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Smartphone use: the survey says

The way we use our phones is changing rapidly, and with the help of 1000 CNET readers we now have a better understanding of the things we do and don't do with our phones.

Joseph Hanlon Special to CNET News
Joe capitalises on a life-long love of blinking lights and upbeat MIDI soundtracks covering the latest developments in smartphones and tablet computers. When not ruining his eyesight staring at small screens, Joe ruins his eyesight playing video games and watching movies.
Joseph Hanlon
3 min read
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The way we use our phones is changing rapidly, and with the help of 1000 CNET readers we now have a better understanding of the things we do and don't do with our phones.

Firstly, we'd like to say a big thanks to everyone who helped out with this survey. We know every other website you visit is probably asking you for some sort of feedback, so we really appreciate the time you took to fill in the form.

Calls are low and web surfing is up, no real surprises there. (Credit: CBSi)

Calls are down, but not out

Just over 75 per cent of the readers who completed the survey told us that they use their phones for calling for fewer than 30 minutes each day, with 5 per cent of all respondents claiming that they don't use their phones for calling at all. Still, a healthy 7 per cent of our readers say they use their phones for calling at least 60 minutes each day.

Web surf's up, dude

The other major area that confirmed our original suspicions was that web browsing is on the rise. Nearly 75 per cent of the responses we received indicated at least 30 minutes of web browsing on a smartphone each day, with a further 13 per cent saying they regularly browse on their phones between 60 and 90 minutes daily. The overall average worked out at about 50 minutes of browser time per user, making it the most popular smartphone activity polled.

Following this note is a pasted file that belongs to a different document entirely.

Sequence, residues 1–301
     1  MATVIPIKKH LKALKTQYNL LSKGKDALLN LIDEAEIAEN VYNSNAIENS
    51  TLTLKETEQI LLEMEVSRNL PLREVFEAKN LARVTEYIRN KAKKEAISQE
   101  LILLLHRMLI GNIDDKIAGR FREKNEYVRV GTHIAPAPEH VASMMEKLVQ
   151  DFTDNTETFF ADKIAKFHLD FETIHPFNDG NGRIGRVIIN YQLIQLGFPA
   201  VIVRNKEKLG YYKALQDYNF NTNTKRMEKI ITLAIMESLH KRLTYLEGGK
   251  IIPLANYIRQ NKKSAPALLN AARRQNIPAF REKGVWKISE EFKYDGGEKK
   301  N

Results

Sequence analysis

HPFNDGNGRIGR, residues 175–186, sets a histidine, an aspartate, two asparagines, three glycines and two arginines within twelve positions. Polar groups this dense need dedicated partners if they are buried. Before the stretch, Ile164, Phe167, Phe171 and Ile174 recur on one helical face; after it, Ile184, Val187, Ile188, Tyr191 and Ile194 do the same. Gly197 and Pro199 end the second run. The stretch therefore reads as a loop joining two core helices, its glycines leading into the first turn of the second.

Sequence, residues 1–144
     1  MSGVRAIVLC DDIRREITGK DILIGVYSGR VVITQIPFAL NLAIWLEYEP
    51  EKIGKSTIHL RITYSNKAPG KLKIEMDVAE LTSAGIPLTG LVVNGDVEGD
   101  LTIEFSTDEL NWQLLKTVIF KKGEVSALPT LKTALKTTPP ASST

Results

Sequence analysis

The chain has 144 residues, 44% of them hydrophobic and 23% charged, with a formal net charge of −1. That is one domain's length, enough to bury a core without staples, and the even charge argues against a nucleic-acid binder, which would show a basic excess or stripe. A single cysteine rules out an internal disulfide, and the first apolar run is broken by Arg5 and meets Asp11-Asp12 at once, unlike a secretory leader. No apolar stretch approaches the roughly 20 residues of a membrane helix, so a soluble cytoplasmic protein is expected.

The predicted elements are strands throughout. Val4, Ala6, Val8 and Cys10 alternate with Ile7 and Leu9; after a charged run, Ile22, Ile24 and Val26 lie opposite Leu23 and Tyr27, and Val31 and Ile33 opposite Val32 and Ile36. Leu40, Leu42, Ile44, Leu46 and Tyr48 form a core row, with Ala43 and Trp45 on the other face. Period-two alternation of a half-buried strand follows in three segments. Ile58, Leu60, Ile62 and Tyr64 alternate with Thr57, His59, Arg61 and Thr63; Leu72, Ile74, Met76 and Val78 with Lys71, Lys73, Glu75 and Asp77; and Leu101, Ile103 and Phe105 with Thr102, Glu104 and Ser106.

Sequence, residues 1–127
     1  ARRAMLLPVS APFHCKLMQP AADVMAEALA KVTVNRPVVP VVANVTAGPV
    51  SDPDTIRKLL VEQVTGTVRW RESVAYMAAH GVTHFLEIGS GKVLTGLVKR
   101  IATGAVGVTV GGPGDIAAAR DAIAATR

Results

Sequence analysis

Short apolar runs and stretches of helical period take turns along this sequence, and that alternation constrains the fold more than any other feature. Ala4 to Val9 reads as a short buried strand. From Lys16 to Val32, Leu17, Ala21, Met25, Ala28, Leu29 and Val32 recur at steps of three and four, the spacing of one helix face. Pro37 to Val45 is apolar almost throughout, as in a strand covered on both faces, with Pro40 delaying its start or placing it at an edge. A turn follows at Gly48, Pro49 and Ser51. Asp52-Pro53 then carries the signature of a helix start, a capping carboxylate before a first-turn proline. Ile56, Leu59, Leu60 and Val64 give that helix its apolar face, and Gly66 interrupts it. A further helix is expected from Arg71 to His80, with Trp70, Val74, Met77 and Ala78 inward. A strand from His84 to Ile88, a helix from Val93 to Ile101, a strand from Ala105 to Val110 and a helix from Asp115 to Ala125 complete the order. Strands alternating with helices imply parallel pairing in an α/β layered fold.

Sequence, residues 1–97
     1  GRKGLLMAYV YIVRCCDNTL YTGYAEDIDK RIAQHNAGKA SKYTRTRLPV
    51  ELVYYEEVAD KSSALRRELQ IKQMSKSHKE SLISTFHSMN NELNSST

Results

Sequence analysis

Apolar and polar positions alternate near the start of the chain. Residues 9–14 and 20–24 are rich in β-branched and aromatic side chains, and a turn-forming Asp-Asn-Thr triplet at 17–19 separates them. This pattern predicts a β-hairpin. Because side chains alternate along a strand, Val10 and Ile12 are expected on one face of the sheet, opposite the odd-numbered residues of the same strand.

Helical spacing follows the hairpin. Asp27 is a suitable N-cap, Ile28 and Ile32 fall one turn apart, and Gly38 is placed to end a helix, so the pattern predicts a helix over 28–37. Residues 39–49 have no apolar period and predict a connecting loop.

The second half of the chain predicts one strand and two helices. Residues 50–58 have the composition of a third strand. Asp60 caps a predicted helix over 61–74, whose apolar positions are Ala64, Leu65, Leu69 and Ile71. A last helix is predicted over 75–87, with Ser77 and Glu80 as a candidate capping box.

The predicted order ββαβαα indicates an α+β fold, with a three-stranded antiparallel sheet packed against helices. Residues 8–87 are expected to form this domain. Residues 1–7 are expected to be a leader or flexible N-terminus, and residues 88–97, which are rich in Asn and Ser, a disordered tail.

Gaming and music

The amount of time we spend using our phones for pure entertainment is steady, but not astounding. A majority of users spend up to 30 minutes for gaming each day, while the average music playback was just under 45 minutes (however, this figure was skewed by the 10 per cent of people who listen to over two hours of music daily). For both questions, the "Not at all" value was also high, with 24 per cent of readers not using their music players and 35 per cent not playing games.

SMS is still strong, and Twitter is almost non-existent. (Credit: CBSi)

Social not working

Surprisingly, the vast majority of readers who answered our survey told us that they do not update their social-networking profiles from their phones. 84 per cent of readers said they post no more than a single Twitter post each day, with plenty telling us they never use Twiter on their phones at all. 55 per cent post the same number of times to Facebook, with a portion of those numbers avoiding the social site altogether. SMS messages, on the other hand, averaged out at just under 15 messages per day.

Tasks by manufacturer

iPhone and Samsung owners are the top web browsers, while CrackBerrys still own email. (Click image to enlarge) (Credit: CBSi)

We already know that our phones say a lot about who we are, but do they also say anything about what we intend to do with them? From the survey, we can see that iPhone users tend to web browse a lot, but then so do owners of Samsung handsets. This probably isn't too surprising given that about half of the people who told us they use Samsung are using a brand-spanking new Galaxy S, which is definitely one of our favourite phones to browse the web on.

Next to this you'll see the break down of email usage patterns by manufacturer, and again, there are no points for having guessed BlackBerry users would be on the top of this list, by a factor of two times more than most other phone owners.